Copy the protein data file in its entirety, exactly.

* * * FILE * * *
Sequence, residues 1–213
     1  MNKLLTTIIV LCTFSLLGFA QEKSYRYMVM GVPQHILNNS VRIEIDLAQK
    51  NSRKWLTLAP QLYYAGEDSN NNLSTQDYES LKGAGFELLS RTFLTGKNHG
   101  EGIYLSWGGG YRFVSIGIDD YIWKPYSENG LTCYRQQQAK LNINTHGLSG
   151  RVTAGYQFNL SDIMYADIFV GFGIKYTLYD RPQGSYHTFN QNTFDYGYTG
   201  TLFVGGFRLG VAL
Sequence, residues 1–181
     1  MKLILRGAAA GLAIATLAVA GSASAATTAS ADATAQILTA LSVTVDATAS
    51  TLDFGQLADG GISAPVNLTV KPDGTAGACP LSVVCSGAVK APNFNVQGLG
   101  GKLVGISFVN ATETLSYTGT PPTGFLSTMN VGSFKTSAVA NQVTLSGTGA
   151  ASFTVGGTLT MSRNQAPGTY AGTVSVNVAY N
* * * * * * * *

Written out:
Sequence, residues 1–213
     1  MNKLLTTIIV LCTFSLLGFA QEKSYRYMVM GVPQHILNNS VRIEIDLAQK
    51  NSRKWLTLAP QLYYAGEDSN NNLSTQDYES LKGAGFELLS RTFLTGKNHG
   101  EGIYLSWGGG YRFVSIGIDD YIWKPYSENG LTCYRQQQAK LNINTHGLSG
   151  RVTAGYQFNL SDIMYADIFV GFGIKYTLYD RPQGSYHTFN QNTFDYGYTG
   201  TLFVGGFRLG VAL
Sequence, residues 1–181
     1  MKLILRGAAA GLAIATLAVA GSASAATTAS ADATAQILTA LSVTVDATAS
    51  TLDFGQLADG GISAPVNLTV KPDGTAGACP LSVVCSGAVK APNFNVQGLG
   101  GKLVGISFVN ATETLSYTGT PPTGFLSTMN VGSFKTSAVA NQVTLSGTGA
   151  ASFTVGGTLT MSRNQAPGTY AGTVSVNVAY N